Jacopo Riccioletti's lawsuit claims that the operators of Nikki Beach Miami allowed 20-year-old employee Karlie Tomica to drink underage and on the job, and then drive off drunk. Tomica faces a charge of leaving the scene of a crash involving death related to the Jan. 28 death of chef Stefano Riccioletti. Jacopo Riccioletti and his attorney Carlos Silva discussed the case. Attorneys representing Tomica and the nightclub could not immediately comment on the lawsuit.
The son of the South Beach chef killed recently in what police call a hit-and-run has sued the driver and the Nikki Beach club where she worked, accusing the famous nightspot of letting her drink and drive.
The wrongful death lawsuit filed Thursday by Jacopo Riccioletti claims that the operators of Nikki Beach Miami allowed 20-year-old employee Karlie Tomica to drink underage and on the job, and then drive off drunk.
That helped cause the accident that killed Shore Club executive chef Stefano Riccioletti, 49, early on Jan. 28 outside the Shelborne Hotel at 1801 Collins Ave, the lawsuit said.
“She was stupid. She killed my father and he was a great man, and I miss him a lot,” Jacopo Riccioletti told NBC 6 South Florida.
The lawsuit was filed in Miami-Dade Circuit Court against Tomica and Nikki Beach Miami’s owner, Penrod Brothers Inc.
Tomica was driving a 2007 Dodge 4-door that struck Stefano Riccioletti, knocking him into the hotel’s driveway, an arrest affidavit said. He was killed at the scene, police said.
Tomica did not stay at the scene but drove to her apartment on the 5600 block of Collins Avenue, and a good Samaritan followed her and helped police find her, according to 911 calls. The good Samaritan said she appeared to be “really drunk.”
Tomica faces a charge of leaving the scene of a crash involving death.
Tomica’s lawyer could not immediately comment on the lawsuit Thursday.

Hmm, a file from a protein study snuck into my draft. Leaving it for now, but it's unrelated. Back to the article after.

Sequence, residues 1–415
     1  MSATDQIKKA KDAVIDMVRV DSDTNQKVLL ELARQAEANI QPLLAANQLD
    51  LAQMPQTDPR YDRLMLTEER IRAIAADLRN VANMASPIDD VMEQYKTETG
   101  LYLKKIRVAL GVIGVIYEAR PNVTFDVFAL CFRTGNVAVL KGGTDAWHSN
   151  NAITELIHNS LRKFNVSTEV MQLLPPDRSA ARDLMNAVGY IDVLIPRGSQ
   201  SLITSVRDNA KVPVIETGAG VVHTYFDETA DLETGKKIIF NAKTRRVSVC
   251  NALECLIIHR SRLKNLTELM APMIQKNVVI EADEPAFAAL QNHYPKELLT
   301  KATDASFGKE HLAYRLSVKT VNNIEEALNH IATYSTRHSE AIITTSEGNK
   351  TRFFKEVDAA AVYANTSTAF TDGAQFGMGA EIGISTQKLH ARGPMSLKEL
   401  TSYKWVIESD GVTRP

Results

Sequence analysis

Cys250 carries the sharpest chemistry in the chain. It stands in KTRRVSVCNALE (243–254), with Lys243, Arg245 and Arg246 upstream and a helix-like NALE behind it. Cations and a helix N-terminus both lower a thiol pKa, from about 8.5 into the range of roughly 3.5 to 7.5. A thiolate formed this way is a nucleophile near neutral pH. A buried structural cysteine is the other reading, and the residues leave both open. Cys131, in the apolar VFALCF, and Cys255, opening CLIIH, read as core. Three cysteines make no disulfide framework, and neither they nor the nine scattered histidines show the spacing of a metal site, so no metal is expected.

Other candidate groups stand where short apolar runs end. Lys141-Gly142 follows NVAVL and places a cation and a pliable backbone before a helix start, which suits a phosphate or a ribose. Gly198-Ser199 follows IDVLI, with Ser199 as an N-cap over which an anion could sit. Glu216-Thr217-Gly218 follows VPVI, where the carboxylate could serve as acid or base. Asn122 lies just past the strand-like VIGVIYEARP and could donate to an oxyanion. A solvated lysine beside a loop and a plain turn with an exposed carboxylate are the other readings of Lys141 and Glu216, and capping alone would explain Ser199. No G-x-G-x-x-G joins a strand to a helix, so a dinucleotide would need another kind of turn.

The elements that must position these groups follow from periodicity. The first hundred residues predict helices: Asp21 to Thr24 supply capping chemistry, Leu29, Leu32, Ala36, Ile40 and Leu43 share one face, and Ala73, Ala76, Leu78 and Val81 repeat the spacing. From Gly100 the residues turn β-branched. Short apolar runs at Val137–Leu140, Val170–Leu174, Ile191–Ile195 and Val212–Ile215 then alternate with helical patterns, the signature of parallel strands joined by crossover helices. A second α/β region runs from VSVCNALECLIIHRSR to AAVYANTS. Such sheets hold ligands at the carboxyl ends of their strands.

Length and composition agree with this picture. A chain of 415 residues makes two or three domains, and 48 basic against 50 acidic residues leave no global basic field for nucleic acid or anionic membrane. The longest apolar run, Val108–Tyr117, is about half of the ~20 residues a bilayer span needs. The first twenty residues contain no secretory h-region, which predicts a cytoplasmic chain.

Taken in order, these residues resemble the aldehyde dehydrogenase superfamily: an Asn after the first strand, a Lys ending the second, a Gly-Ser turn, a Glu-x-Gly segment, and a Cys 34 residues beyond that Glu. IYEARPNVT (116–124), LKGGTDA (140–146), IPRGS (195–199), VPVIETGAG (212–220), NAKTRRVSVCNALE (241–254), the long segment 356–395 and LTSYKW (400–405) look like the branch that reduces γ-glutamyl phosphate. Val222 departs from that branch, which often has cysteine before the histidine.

A Nikki Beach spokeswoman issued a statement Thursday night.
"Our deepest thoughts and prayers are with the family and friends of chef Stefano Riccioletti and our hearts go out to his children," said Julie Fogel, the global public relations and communications director for Nikki Beach Worldwide. "We have not been served with a lawsuit and are therefore unable to comment at this time."
The lawsuit said the club knew that Tomica was under the legal drinking age when she was served alcohol on its premises during and/or after her work shift on the night of the accident. She became “intoxicated to the extent she could not drive safely,” the suit said.
According to the suit, “The club knew or should have known that she was going to drive. It was foreseeable to the club that she posed a dangerous risk of injury or death to other motorists and/or pedestrians.”
When Tomica cashed out that night she had to get permission from managers to leave, and they knew or should have known that she was drunk and would have been a danger to the public if she drove.
The Coral Gables law firm of Silva & Silva is representing Riccioletti.
“And she was serving alcohol and she was drinking, and when you leave the premises you have to check out with your manager, and they had to know that she had been drinking,” attorney Carlos Silva said. “They know that she drinks there. This is not a first time for her.”
The club and Tomica have 20 days to respond to the allegations that have been made against them in court.
Jacopo Riccioletti, who has two younger brothers, said the lawsuit cannot bring his father back – but said his father deserved better than to die the way he did.
“He was a really special person,” he said. “He has a sense of duty.”
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